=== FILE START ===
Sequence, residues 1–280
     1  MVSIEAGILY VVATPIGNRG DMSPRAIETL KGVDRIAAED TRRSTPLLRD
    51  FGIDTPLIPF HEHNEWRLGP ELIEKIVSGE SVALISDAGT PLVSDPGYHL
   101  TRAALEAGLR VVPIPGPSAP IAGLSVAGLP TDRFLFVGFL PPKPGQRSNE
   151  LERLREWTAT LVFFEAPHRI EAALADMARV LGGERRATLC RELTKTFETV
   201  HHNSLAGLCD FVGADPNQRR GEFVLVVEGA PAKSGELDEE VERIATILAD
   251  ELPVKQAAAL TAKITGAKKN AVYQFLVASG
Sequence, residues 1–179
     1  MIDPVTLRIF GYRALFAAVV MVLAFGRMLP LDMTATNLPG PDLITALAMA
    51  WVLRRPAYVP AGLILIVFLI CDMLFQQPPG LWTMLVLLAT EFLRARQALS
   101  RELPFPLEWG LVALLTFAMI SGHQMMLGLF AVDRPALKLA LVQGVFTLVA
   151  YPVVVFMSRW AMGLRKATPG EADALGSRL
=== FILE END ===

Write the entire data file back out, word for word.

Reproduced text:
Sequence, residues 1–280
     1  MVSIEAGILY VVATPIGNRG DMSPRAIETL KGVDRIAAED TRRSTPLLRD
    51  FGIDTPLIPF HEHNEWRLGP ELIEKIVSGE SVALISDAGT PLVSDPGYHL
   101  TRAALEAGLR VVPIPGPSAP IAGLSVAGLP TDRFLFVGFL PPKPGQRSNE
   151  LERLREWTAT LVFFEAPHRI EAALADMARV LGGERRATLC RELTKTFETV
   201  HHNSLAGLCD FVGADPNQRR GEFVLVVEGA PAKSGELDEE VERIATILAD
   251  ELPVKQAAAL TAKITGAKKN AVYQFLVASG
Sequence, residues 1–179
     1  MIDPVTLRIF GYRALFAAVV MVLAFGRMLP LDMTATNLPG PDLITALAMA
    51  WVLRRPAYVP AGLILIVFLI CDMLFQQPPG LWTMLVLLAT EFLRARQALS
   101  RELPFPLEWG LVALLTFAMI SGHQMMLGLF AVDRPALKLA LVQGVFTLVA
   151  YPVVVFMSRW AMGLRKATPG EADALGSRL